Wednesday, August 31, 2016

"The Virginity of Famous Men"

New from Bloomsbury USA: The Virginity of Famous Men by Christine Sneed.

About the book, from the publisher:

The Virginity of Famous Men, award-winning story writer Christine Sneed's deeply perceptive collection on the human condition, features protagonists attempting to make peace with the choices--both personal and professional--they have so far made. In “The Prettiest Girls,” a location scout for a Hollywood film studio falls in love with a young Mexican woman who is more in love with the idea of stardom than with this older American man who takes her with him back to California. “Clear Conscience” focuses on the themes of family loyalty, divorce, motherhood, and whether “doing the right thing” is, in fact, always the right thing to do. In “Beach Vacation,” a mother realizes that her popular and coddled teenage son has become someone she has difficulty relating to, let alone loving with the same maternal fervor that once was second nature to her. The title story, “The Virginity of Famous Men,” explores family and fortune.

Long intrigued by love and loneliness, Sneed leads readers through emotional landscapes both familiar and uncharted. These probing stories are explorations of the compassionate and passionate impulses that are inherent in--and often the source of--both abiding joy and serious distress in every human life.
Visit Christine Sneed's website.

--Marshal Zeringue

"Breaking and Holding"

New from Lake Union Publishing: Breaking and Holding: A Novel by Judy Fogarty.

About the book, from the publisher:

For Patricia Curren, the summer of 1978 begins with a devastating discovery: an unfamiliar black pearl button in the bed she shares with her controlling husband, Jack. Seeking the courage to end her desolate marriage, Patricia spends a quiet summer alone on beautiful Kiawah Island. But when she meets Terry Sloan, a collegiate tennis player trying to go pro, their physical attraction sparks a slow burn toward obsession.

Once Patricia and Terry share closely guarded secrets from their pasts, they want more than a summer together. But their love soon fractures, as a potential sponsor takes an unusually keen interest in Terry—both on court and off. And when single, career-driven Lynn Hewitt arrives, other secrets must surface, including the one Patricia has kept from Terry all summer.

An intimate portrait of the folly of the human heart, Breaking and Holding explores buried truths that are startlingly unveiled. What’s left in their wake has the power not only to shatter lives…but to redeem them.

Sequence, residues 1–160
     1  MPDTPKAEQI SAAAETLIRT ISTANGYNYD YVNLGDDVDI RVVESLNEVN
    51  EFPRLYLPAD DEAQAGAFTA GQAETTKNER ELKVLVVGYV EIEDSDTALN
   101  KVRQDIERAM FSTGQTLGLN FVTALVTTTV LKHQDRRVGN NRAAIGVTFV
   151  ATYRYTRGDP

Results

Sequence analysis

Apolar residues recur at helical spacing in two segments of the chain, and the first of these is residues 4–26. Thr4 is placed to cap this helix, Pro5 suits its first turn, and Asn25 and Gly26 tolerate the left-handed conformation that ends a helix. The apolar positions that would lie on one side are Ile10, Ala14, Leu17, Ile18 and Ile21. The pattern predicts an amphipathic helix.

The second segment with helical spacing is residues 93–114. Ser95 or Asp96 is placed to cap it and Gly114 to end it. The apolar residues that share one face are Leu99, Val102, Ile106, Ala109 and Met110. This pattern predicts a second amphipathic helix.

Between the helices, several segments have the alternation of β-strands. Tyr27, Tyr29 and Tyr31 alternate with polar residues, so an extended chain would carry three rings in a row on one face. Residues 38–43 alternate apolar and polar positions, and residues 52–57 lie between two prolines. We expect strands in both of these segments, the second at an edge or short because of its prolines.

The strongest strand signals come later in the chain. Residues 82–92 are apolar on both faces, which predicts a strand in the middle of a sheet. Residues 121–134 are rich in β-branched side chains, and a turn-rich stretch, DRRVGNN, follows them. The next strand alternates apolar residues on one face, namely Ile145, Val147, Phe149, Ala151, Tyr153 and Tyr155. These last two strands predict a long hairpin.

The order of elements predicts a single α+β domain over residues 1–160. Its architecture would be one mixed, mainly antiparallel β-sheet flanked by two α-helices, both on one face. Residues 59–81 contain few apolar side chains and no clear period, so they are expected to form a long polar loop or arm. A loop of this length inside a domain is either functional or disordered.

Visit Judy Fogarty's website.

--Marshal Zeringue

Tuesday, August 30, 2016

"Murder in the Bayou"

New from Scribner: Murder in the Bayou: Who Killed the Women Known as the Jeff Davis 8? by Ethan Brown.

About the book, from the publisher:

An explosive, true-life southern gothic story, Murder in the Bayou chronicles the twists and turns of a high-stakes investigation into the murders of eight women in a troubled Louisiana parish.

Between 2005 and 2009, the bodies of eight women were discovered around the murky canals and crawfish ponds of Jennings, Louisiana, a bayou town of 10,000 in the heart of the Jefferson Davis parish. Local law enforcement officials were quick to pursue a serial killer theory, opening a floodgate of media coverage—from CNN to The New York Times. Collectively the victims became known as the “Jeff Davis 8,” and their lives, their deaths, and the ongoing investigation reveals a small southern community’s most closely guarded secrets.

As Ethan Brown suggests, these homicides were not the work of a single serial killer, but the violent fallout of Jennings’ brutal sex and drug trade, a backwoods underworld hidden in plain sight. Mixing muckraking research and immersive journalism over the course of a five-year investigation, Ethan Brown reviewed thousands of pages of previously unseen homicide files to determine what happened during each victim’s final hours. Epic in scope and intensely suspenseful, Murder in the Bayou is the story of an American town buckling under the dark forces of poverty, race, and class division—and a lightning rod for justice for the daughters it lost.
Visit Ethan Brown's website.

--Marshal Zeringue

"The Perfect Girl"

New from William Morrow: The Perfect Girl: A Novel by Gilly Macmillan.

About the book, from the publisher: